Tibet’s Four Historical Regions
Did you know? Cultural Tibet extends far beyond the TAR, or Tibetan Autonomous Region!
Amdo – Eastern Tibet
Now part of modern day Qinghai, Gansu and Sichuan provinces, the traditional Tibetan region of Amdo encompasses a large area from the Machu River (Yellow River) to the Drichu river (Yangtse River) and is home of the birthplace of the 14th Dalai Lama. Amdo Tibetans’ traditional lifestyle and economy is centered on agriculture. Depending on the region and environment they live in they are either nomads (Drog pa) or farmers (Sheng pa). Amdo was traditionally a place of great learning and scholarship and contains many great monasteries including Kumbum Jampa Ling (Chin. Ta’er Si) near Xining, Labrang Tashi Khyil south of Lanzhou and the Kirti Monasteries of Ngaba and Taktsang Lhamo in Dzoge County (Ch: Ruanggui /Zoige Xia) For the adventurous traveler, Amdo is wonderful wind-swept and tree-less environment, supporting vast herds of domestic yak as well as many types of wildlife. No permits are required for independent travel in the Amdo region.
Kham – Eastern Tibet
A historical region of Tibet covering a land area largely divided between the present-day Tibet Autonomous Region (bordered by the Yangtse River) and Sichuan province to the east, with smaller portions located within Qinghai, Gansu and Yunnan provinces of China. The Kham has rugged terrain characterized by mountain ranges and gorges. Numerous rivers, including the Mekong, Yangtse, Salween and Yalong Jiang flow through Kham. Known as Khampas, the people of Kham were reputed warriors renowned for the horsemanship and markmanship. Kham is a fascinating region to travel with remote communities, monasteries, wilderness regions and a tumultuous history. No permits are required for independent travel in the Kham region.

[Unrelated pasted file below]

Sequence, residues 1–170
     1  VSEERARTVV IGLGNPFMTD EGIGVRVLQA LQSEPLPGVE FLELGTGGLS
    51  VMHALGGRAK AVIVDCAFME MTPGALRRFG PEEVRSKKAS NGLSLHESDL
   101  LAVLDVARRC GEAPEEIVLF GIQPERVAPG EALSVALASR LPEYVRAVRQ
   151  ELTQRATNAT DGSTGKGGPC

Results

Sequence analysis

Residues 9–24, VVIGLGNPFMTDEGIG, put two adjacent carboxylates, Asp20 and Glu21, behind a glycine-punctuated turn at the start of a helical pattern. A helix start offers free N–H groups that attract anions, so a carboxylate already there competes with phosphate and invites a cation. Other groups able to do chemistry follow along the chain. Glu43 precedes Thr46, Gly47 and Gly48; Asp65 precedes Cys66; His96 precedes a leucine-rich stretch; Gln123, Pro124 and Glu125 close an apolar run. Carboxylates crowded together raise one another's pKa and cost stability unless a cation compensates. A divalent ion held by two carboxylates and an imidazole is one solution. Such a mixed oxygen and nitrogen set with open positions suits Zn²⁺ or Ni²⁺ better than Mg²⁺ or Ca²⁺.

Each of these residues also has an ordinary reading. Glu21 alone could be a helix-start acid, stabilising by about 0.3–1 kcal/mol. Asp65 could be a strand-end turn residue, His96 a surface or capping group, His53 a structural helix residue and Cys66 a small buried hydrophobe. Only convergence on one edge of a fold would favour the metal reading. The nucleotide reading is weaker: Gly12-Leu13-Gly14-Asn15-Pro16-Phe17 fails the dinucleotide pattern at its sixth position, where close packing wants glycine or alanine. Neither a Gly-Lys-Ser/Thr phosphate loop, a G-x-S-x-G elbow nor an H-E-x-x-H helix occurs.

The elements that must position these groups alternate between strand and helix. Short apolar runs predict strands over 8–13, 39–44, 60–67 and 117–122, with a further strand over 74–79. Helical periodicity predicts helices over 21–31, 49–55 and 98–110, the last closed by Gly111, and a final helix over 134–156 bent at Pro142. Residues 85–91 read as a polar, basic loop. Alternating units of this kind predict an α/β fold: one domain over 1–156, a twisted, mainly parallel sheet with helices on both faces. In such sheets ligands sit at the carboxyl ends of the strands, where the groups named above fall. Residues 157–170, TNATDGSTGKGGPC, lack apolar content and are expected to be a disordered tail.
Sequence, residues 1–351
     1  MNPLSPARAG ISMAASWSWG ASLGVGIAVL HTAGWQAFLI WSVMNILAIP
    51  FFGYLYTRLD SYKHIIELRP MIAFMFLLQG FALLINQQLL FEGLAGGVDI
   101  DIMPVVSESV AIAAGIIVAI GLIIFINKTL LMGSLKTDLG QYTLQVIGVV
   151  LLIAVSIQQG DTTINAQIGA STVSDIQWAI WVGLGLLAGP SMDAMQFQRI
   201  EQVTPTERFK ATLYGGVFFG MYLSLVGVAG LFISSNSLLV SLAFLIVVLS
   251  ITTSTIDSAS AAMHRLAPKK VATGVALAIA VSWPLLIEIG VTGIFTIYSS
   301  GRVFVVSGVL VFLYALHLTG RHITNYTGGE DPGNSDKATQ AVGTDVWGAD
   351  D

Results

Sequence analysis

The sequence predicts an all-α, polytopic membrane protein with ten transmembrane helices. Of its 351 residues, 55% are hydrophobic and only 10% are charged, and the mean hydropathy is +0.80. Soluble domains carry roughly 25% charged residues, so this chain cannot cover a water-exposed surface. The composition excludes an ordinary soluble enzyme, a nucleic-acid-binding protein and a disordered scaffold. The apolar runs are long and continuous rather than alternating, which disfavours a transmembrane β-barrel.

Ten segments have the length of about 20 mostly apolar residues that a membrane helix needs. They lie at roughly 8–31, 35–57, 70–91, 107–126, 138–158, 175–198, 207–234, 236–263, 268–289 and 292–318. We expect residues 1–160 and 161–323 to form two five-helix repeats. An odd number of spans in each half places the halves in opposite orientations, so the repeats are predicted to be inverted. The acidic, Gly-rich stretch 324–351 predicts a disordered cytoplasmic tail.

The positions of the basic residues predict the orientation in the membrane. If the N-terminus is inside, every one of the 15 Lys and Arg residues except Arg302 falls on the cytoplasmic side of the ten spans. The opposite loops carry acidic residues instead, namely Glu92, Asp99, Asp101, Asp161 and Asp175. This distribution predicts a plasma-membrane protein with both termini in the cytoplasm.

Ü-Tsang – Central Tibet
Ü-Tsang is one of the three traditional provinces of Tibet, the other two being Amdo and Kham. Geographically Ü-Tsang covered the central and western portions of the Tibetan cultural area, including the Brahmaputra River (Yarlung Tsangpo) watershed, the western districts surrounding and extending past Mount Kailash, and much of the vast high altitude Changtang plateau to the north. The Himalayan range defined Ü-Tsang’s southern border. The present Tibet Autonomous Region (T.A.R.) corresponds approximately to what was ancient Ü-Tsang and western Kham. Ü-Tsang was formed by the merging of two earlier power centers: Ü in central Tibet, controlled by the Gelug lineage of Tibetan Buddhism under the early Dalai Lamas and Tsang which extended from Gyantse to the west and was controlled by the rival Sakya Buddhist lineage. Ü-Tsang is the cultural heartland of the Tibetan people. Successive Dalai Lamas have ruled Tibet from the Potala and Norbulingkha palaces in the capital Lhasa. The Jokhang temple, perhaps the most holy temple in Tibetan Buddhism, is also located there. Foreign travelers to the T.A.R must adhere to strict rules that include applying for an entry permit through a registered travel agent and engaging the services of a certified guide and approved tourism transport. No independent travel is allowed in the T.A.R.
Ngari – Western Tibet
Ngari is the far western prefecture within the Tibet Autonomous Region. Commonly referred to as “western Tibet”, Ngari is a vast high altitude region mostly above 4500m elevation and situated some 1600kms west of Lhasa.